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This paper connects two empirical trends: (i) the decline in geographic mobility and responsiveness to labor demand shocks, even among young adults who have historically been the most mobile, and (ii) the increased share of young adults co-residing with parents. Using data on young adults aged 18 to 35 from the American Community Survey and the Panel Study of Income Dynamics, we examine three outcomes: parental coresidence, transitioning out from living with a parent, and “boomerangs” - returning to live with a parent after living elsewhere. Our results demonstrate the importance of the parental coresidence option in understanding the location decisions of young adults. In particular, we find evidence that boomerang decisions may be insensitive to the labor market conditions that come with returning to the parents’ home, hence boomerang moves are more likely to result in residing in a labor market with higher unemployment rates. This raises some concerns for the future labor market prospects of young adults, particularly Hispanic young adults aged 18 to 23 years old and black young adults of any age, whose boomerang moves showed the greatest likelihood of being towards weaker labor markets.
Sewin Chan is an economist who studies economic and financial risks faced by households. Her research includes mortgages and housing market risk, consumer credit behavior, housing for older people, the responsiveness of workers to financial retirement incentives, the impact of job loss at older ages, and Medicare enrollment decisions. Dr. Chan currently serves on the New York City Age Friendly Commission’s Working Group on Housing, and was previously a member of the U.S. Department of Labor’s Advisory Council on Employee Welfare and Pension Benefit Plans. She holds a B.A. from Cambridge University and a Ph.D. in economics from Columbia University.
Katherine O'Regan is Professor of Public Policy and Planning at NYU Wagner. She also serves as Faculty Director of the Master of Science in Public Policy Program and Faculty Director of the Furman Center for Real Estate and Urban Policy. She spent April, 2014-January, 2017 in the Obama Administration, serving as the Assistant Secretary for Policy Development and Research at the Department of Housing and Urban Development. She holds a Ph.D. in economics from the University of California at Berkeley and spent ten years teaching at the Yale School of Management prior to joining the Wagner faculty in 2000. She teaches courses in microeconomics, poverty, program evaluation, and urban economics, and has received teaching awards from Berkeley, Yale, and NYU.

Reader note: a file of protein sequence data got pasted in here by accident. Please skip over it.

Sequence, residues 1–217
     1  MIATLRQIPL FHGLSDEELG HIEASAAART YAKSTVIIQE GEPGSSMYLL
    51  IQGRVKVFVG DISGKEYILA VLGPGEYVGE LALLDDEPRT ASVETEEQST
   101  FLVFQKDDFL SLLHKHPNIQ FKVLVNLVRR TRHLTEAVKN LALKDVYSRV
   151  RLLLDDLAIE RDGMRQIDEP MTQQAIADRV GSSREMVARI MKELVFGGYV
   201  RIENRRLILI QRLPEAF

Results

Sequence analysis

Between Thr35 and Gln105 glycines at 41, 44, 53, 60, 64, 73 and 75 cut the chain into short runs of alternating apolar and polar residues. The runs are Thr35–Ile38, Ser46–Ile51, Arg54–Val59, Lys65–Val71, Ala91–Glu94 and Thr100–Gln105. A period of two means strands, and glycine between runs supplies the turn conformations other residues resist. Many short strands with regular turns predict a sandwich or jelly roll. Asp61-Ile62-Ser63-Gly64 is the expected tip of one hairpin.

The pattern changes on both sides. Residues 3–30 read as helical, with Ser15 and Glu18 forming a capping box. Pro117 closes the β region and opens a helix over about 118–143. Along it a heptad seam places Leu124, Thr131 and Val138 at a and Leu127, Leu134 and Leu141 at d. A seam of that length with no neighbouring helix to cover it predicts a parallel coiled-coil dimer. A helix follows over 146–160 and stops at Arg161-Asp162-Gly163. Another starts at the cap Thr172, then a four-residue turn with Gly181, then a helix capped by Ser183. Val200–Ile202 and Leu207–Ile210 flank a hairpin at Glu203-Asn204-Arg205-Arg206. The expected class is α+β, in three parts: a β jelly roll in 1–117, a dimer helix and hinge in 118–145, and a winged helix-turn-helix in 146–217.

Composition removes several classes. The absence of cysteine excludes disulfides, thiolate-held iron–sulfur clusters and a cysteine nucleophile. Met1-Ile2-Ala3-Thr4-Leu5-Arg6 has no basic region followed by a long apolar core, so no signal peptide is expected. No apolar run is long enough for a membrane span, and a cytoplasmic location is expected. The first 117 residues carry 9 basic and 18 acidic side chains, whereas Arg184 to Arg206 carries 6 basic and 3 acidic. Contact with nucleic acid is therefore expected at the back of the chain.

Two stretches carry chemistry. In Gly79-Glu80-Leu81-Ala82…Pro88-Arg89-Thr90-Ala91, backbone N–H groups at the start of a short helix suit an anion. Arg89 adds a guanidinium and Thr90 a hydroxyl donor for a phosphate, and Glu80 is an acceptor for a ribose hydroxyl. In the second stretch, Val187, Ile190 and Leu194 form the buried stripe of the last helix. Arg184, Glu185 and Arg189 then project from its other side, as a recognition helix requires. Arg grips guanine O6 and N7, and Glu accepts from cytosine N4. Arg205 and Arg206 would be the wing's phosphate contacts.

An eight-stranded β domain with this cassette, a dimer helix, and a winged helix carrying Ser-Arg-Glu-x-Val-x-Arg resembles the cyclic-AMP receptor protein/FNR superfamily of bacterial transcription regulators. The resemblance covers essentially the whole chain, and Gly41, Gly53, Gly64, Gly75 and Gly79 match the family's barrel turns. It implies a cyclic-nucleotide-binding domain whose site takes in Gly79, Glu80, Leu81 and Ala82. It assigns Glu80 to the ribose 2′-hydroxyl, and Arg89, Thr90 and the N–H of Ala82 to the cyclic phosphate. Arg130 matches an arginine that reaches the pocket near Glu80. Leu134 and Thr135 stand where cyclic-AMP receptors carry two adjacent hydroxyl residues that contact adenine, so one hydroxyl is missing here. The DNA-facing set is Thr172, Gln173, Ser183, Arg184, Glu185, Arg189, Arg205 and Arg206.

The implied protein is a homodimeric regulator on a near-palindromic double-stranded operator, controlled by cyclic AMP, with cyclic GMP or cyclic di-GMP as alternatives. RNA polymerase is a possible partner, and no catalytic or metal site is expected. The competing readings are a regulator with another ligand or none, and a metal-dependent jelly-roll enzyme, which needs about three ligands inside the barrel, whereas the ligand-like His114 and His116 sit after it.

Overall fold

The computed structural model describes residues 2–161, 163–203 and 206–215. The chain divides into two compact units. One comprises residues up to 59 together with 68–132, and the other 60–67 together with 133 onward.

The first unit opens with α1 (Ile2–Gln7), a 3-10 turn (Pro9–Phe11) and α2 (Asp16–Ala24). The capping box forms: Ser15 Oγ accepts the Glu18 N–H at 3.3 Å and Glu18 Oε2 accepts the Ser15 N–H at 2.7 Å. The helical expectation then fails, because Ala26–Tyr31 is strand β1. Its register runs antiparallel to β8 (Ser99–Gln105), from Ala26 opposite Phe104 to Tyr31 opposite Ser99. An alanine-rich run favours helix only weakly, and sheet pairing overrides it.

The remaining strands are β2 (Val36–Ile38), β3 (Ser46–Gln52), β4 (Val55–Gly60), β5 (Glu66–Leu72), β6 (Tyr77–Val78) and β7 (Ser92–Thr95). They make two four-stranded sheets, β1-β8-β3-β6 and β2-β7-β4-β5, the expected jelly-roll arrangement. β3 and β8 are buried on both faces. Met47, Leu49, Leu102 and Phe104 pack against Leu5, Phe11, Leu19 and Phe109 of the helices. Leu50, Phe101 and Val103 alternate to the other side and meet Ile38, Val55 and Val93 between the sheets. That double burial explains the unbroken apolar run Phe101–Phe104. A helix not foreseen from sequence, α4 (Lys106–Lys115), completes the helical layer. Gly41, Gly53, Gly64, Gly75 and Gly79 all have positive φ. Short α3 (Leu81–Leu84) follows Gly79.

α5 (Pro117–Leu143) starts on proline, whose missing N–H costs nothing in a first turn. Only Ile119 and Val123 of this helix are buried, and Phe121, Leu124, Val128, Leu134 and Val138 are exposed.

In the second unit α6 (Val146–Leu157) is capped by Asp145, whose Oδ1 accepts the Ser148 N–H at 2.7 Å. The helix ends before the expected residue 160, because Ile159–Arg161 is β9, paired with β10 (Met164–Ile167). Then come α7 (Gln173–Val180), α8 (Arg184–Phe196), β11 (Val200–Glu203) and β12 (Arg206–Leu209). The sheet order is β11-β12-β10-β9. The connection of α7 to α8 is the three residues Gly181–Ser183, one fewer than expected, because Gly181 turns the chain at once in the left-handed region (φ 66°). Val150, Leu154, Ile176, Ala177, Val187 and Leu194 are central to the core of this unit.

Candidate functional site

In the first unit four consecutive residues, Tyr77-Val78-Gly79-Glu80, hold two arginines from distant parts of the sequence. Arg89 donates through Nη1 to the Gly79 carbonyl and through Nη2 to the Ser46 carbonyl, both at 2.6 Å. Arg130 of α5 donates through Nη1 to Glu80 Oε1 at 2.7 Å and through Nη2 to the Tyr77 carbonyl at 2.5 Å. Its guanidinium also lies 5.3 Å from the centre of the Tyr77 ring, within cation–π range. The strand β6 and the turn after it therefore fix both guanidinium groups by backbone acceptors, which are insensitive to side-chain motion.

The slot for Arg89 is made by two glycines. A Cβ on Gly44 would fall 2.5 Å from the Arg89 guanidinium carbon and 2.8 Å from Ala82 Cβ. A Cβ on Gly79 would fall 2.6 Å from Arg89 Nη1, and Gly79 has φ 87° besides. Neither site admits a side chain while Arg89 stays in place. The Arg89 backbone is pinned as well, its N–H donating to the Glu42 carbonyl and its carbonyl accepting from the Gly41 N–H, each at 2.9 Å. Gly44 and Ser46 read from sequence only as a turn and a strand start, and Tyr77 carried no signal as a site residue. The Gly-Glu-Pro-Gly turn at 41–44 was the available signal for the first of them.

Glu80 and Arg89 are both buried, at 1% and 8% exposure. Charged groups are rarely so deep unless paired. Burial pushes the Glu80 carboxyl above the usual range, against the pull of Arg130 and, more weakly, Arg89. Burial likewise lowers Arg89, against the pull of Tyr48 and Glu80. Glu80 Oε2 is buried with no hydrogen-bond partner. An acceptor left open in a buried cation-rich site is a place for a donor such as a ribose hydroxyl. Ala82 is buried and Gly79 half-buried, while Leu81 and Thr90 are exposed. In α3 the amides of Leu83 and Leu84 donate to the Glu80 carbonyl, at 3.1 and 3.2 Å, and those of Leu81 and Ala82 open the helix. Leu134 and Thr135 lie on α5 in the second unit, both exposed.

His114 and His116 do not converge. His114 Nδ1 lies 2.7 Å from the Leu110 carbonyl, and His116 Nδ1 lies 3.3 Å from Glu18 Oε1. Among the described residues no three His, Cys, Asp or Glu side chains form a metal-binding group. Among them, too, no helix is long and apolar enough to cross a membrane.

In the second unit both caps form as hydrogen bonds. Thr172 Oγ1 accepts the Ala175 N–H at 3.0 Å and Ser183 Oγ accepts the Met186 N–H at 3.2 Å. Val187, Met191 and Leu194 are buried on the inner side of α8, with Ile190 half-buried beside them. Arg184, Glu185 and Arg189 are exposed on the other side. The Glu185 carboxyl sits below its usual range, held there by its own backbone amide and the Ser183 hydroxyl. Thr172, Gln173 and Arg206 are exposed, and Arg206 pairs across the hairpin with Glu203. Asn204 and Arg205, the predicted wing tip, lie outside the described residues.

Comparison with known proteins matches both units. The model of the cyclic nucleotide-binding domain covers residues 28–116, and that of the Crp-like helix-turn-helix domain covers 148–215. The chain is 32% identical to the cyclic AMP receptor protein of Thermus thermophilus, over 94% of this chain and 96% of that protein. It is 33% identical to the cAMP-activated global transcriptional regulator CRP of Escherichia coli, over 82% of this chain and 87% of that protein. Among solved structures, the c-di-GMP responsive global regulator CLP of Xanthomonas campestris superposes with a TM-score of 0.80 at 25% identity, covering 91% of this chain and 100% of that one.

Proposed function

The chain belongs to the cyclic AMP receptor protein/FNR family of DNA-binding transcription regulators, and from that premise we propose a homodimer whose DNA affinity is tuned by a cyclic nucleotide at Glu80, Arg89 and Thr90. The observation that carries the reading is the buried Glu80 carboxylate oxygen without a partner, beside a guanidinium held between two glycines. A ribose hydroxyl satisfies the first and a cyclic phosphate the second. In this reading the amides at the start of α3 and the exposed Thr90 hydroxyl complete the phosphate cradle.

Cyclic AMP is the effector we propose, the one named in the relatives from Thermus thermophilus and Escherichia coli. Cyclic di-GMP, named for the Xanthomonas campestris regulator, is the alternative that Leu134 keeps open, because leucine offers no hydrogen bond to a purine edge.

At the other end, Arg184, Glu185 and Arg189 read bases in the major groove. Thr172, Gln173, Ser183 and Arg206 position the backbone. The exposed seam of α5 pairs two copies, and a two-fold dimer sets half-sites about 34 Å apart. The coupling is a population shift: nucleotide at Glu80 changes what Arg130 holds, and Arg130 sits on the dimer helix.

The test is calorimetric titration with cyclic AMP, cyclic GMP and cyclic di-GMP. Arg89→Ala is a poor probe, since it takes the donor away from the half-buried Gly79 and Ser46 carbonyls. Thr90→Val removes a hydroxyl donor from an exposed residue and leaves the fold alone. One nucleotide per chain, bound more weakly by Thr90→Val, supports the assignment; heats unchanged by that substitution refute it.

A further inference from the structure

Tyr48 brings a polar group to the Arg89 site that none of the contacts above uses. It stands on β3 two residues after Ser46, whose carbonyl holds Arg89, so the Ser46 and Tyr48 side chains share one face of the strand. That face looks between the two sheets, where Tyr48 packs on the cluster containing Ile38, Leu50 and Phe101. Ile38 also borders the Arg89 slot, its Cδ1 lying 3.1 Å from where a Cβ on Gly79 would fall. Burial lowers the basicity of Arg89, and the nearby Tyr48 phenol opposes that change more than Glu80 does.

Her primary research interests are at the intersection of poverty and space --the conditions and fortunes of poor neighborhoods and those who live in them. Her research includes work on a variety of affordable housing topics, from whether the Low Income Tax Credit contributes to increased economic and racial segregation, to whether the presence of housing voucher households contributes to neighborhood crime rates. Recent work also includes several projects examining neighborhood transitions over the past few decades, including possible broad causes (changes in federal housing policy, and changes in crime, in particular), and outcomes (including possible displacement, and improvements in neighborhood conditions). Among others, she has served on the board of the Reinvestment Fund, the advisory board for NYU's McSilver Institute for Poverty Policy and Research, and the editorial board for the Journal of Policy Analysis and Management.
Wei You is a Research Fellow at the NYU Furman Center. His research interests focus on migration, transportation, and urban economics. His work includes using archival data to quantitatively analyze historical cities and using spatial equilibrium models to evaluate contemporary migration policies. He completed his B.A. in Economics and Mathematics at Renmin University of China, M.A. in Economics at Peking University, and his Ph.D. in Economics at the University of California, San Diego in 2017.
*This working paper was made possible by the US 2050 project, supported by the Peter G. Peterson Foundation and the Ford Foundation. The statements made and views expressed are solely the responsibility of the authors.